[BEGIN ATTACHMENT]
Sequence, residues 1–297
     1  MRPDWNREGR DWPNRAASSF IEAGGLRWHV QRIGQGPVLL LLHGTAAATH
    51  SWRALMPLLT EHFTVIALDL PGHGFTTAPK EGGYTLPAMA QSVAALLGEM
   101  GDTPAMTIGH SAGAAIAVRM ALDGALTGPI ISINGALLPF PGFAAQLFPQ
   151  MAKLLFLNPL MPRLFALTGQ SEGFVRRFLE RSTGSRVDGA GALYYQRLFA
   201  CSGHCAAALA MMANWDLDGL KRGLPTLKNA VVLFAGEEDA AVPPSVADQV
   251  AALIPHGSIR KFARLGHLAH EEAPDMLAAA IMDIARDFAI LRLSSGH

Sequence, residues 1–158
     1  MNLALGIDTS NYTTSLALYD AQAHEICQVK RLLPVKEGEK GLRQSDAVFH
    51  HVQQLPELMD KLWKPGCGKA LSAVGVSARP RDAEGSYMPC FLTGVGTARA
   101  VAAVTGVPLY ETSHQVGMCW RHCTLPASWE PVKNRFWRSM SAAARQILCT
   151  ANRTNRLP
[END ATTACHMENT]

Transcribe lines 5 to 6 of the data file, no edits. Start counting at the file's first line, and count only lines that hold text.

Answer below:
   151  MAKLLFLNPL MPRLFALTGQ SEGFVRRFLE RSTGSRVDGA GALYYQRLFA
   201  CSGHCAAALA MMANWDLDGL KRGLPTLKNA VVLFAGEEDA AVPPSVADQV